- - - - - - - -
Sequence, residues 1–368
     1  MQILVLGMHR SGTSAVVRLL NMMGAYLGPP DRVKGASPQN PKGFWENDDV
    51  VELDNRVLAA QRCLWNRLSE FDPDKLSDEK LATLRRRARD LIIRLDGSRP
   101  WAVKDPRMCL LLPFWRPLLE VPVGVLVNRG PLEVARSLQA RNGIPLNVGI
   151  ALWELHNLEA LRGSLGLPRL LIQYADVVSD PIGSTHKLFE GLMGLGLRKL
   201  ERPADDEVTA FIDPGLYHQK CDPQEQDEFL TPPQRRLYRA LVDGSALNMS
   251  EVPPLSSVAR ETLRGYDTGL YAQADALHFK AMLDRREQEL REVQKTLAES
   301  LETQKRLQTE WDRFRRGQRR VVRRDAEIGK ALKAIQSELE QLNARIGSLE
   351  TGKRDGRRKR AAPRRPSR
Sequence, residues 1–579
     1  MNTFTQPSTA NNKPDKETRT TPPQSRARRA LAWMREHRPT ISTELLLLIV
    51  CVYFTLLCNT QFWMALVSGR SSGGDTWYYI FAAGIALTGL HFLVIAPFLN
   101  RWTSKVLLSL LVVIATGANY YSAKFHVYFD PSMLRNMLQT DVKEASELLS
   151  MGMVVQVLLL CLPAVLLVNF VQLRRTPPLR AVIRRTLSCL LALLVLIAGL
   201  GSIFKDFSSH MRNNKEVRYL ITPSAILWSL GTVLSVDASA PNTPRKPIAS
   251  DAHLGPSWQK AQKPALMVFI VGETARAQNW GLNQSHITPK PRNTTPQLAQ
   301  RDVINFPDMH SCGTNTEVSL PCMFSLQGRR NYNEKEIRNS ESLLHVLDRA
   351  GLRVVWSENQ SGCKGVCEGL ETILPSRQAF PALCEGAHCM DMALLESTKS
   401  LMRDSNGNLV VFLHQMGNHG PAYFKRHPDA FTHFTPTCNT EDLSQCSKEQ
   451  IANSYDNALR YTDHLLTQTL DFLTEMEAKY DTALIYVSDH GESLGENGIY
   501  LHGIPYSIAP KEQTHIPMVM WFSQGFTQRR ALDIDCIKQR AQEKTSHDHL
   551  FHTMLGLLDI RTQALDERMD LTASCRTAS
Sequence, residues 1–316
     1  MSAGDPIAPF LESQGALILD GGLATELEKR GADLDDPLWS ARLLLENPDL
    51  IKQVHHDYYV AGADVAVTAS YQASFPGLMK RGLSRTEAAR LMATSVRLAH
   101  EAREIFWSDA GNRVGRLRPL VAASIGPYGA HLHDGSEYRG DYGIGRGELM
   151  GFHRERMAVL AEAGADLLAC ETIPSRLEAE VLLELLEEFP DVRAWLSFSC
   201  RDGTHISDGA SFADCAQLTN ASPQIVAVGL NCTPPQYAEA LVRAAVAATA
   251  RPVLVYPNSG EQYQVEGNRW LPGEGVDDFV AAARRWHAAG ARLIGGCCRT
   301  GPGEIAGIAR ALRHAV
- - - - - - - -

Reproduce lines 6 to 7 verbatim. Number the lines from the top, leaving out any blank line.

   201  ERPADDEVTA FIDPGLYHQK CDPQEQDEFL TPPQRRLYRA LVDGSALNMS
   251  EVPPLSSVAR ETLRGYDTGL YAQADALHFK AMLDRREQEL REVQKTLAES